Legislation introduced Monday in the City Council would require every Baltimore police officer to wear a body camera within a year. Though the proposal leaves many questions unanswered regarding how evidence from the devices could be used, who would have access to it and, not insignificantly, how the new equipment would be paid for, we think on balance that the benefits of the technology far outweigh the costs both in terms of improving police-community relations and in deterring misconduct among officers and the public alike.
The bill's sponsors, City Council President Bernard C. "Jack" Young and Councilman Warren Branch, say the measure could help reduce citizen complaints of police brutality and begin to restore a relationship of trust between the department and the public it serves. The issue is particularly timely, coming as it does after high-profile allegations of police misconduct in Baltimore involving the excessive use of force, as well as the killing of an unarmed black teenager by police in Ferguson, Mo., this summer that prompted more than a week of protests there and elsewhere around the country.
Mayor Stephanie Rawlings-Blake so far has been cool to the council bill, criticizing it as a "piecemeal" approach to what she called the "comprehensive and complex problem" of police misconduct. There's no denying the need for a carefully coordinated effort to address the issue. But after a video of another violent arrest by police surfaced Tuesday showing officers struggling to subdue a man on the sidewalk outside an East Baltimore nightclub, City Police Commissioner Anthony Batts himself acknowledged that such incidents had only strengthened his earlier resolve to equip officers with the new technology.
The cameras, which are typically small enough to be worn on either an officer's hat brim or glasses, are point-of-view devices that record what an officer is seeing, hearing and doing throughout every encounter with the public. So far only a handful of communities across the country are using the technology, and no big-city police departments comparable to Baltimore have adopted it. But New York City is experimenting with a pilot program targeting neighborhoods with the highest rates of police brutality complaints, and it appears likely the cameras eventually will be as routinely employed by officers as stationary speed cameras and patrol-car dashboard-mounted video recorders are now.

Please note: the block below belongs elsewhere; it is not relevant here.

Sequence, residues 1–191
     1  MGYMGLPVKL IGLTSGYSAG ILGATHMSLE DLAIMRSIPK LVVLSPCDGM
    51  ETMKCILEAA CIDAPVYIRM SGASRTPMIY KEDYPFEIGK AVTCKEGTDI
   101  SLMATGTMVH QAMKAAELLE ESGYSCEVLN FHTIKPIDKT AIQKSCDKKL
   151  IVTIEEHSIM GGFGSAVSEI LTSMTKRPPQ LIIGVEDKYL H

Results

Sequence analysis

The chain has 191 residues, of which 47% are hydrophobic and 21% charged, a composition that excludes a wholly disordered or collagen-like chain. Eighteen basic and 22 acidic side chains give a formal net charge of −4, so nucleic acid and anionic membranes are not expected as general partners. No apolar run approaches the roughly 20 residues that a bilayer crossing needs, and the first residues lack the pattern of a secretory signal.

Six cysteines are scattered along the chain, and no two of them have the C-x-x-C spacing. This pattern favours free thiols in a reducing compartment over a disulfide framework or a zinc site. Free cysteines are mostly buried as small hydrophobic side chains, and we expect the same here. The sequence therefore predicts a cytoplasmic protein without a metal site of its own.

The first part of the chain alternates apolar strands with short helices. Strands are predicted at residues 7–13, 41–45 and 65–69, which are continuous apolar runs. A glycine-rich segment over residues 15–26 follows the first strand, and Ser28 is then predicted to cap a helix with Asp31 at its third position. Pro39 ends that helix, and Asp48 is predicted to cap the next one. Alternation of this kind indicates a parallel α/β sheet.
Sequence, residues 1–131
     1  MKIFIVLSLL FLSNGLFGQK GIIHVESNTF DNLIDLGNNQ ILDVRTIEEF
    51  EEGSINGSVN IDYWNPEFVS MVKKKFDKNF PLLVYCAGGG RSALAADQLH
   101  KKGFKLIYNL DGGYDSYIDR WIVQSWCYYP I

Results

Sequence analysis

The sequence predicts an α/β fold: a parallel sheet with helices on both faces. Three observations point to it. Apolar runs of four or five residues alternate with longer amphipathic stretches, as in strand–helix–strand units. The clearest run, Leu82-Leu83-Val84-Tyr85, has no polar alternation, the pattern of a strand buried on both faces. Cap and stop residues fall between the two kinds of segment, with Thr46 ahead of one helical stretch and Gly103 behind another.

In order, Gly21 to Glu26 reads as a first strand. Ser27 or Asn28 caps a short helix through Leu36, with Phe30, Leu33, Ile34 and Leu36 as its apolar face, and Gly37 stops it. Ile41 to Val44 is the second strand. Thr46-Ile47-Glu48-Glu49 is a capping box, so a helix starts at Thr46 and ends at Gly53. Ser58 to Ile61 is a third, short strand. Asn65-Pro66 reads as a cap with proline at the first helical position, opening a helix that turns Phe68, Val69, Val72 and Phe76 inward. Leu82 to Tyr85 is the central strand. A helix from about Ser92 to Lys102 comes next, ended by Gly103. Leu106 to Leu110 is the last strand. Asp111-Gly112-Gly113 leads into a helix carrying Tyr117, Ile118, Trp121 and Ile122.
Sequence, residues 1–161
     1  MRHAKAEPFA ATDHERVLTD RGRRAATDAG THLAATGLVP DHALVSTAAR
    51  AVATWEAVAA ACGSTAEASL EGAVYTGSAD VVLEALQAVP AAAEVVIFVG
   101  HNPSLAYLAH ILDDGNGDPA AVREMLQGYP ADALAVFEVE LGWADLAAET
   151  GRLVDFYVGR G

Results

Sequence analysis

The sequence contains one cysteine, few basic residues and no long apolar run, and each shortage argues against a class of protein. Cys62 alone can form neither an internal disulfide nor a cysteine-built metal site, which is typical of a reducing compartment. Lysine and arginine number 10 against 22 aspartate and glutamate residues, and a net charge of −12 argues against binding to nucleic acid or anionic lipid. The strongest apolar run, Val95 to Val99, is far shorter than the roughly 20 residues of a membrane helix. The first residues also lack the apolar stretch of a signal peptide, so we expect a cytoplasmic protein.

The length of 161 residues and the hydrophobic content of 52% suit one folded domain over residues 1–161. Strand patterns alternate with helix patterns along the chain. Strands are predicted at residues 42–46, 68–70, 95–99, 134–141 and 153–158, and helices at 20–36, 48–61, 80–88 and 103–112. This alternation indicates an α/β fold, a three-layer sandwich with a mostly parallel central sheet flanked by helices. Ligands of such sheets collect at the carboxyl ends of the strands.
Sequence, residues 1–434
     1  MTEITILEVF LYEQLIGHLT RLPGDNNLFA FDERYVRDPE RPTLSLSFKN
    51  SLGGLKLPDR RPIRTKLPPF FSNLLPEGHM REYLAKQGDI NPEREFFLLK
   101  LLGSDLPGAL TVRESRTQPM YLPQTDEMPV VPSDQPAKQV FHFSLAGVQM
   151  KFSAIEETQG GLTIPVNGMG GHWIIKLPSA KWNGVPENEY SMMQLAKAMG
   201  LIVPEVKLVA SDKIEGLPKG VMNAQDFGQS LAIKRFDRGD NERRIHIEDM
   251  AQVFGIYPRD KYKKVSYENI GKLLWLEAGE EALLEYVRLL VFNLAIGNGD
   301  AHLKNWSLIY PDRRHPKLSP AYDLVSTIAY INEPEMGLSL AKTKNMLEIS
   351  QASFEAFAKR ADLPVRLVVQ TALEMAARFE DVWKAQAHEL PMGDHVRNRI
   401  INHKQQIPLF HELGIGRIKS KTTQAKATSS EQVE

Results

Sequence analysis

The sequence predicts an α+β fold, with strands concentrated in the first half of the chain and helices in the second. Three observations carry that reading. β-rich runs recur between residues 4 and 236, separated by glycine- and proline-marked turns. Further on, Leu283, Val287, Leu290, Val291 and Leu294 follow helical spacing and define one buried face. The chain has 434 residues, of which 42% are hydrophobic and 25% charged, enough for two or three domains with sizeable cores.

The only law enforcement agency in Maryland currently using the technology is the Laurel Police Department, which last year purchased 19 cameras for its 68 sworn officers at a cost of $2,000 apiece. But the chief there said that while the devices aren't cheap, they've been well worth the money. In the first six months after officers were issued the cameras incidents involving police use of force dropped drastically, as did citizen complaints. Knowing that their actions are being recorded appears to have a restraining effect on the police while citizens become more compliant and courteous in their dealings with officers for the same reason.
Mayor Rawlings-Blake is surely right that the cameras aren't a panacea; the best defense against police misconduct is better recruiting and training of officers coupled with promoting a departmental culture that encourages officers to use force only as a last resort. These are all key elements in the community policing strategy that Mr. Batts is seeking to introduce. But the cameras clearly could have an important role to play in implementing that policy, including as a training tool for new officers as well as a way for commanders to keep tabs on their officers' performance on duty.
Moreover, despite their high initial cost, the cameras could actually end up saving the city millions of dollars if they cut down the number of citizen complaints of police misconduct. Last week, Baltimore was hit with a $5 million lawsuit brought by a man who claimed to have been victimized by an unprovoked police attack outside a Greenmount Avenue liquor store in June — and video from a pole-mounted surveillance camera nearby appeared to back up his complaint.
If the city had to pay the entire sum it would amount to half the estimated cost of equipping all its officers with cameras just to resolve a single such dispute. Given the experience of police in cities where the cameras have been used and the obvious need to improve relations between community residents and police in Baltimore, the cameras are an idea whose time has come, and city leaders need to make the most of it.
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